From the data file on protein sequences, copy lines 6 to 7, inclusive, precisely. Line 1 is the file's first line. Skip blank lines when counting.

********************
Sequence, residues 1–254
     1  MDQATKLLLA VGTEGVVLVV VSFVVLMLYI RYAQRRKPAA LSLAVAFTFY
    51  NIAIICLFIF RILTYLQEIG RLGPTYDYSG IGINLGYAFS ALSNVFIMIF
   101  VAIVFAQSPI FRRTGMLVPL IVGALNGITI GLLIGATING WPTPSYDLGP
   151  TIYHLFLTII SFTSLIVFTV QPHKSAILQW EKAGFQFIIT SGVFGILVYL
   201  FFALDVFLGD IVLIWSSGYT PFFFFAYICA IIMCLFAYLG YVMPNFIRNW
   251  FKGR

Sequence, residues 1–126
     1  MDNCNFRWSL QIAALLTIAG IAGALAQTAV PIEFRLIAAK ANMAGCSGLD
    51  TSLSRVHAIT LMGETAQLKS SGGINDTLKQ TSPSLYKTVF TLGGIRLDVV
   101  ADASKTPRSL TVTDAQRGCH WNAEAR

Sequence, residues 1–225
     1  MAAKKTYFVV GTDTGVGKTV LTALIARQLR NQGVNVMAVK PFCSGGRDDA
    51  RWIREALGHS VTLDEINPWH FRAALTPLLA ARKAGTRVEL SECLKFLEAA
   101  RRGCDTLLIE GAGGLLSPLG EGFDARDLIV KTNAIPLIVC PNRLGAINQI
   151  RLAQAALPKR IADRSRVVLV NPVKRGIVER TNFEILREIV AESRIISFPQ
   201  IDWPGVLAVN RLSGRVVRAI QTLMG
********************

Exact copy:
   201  FFALDVFLGD IVLIWSSGYT PFFFFAYICA IIMCLFAYLG YVMPNFIRNW
   251  FKGR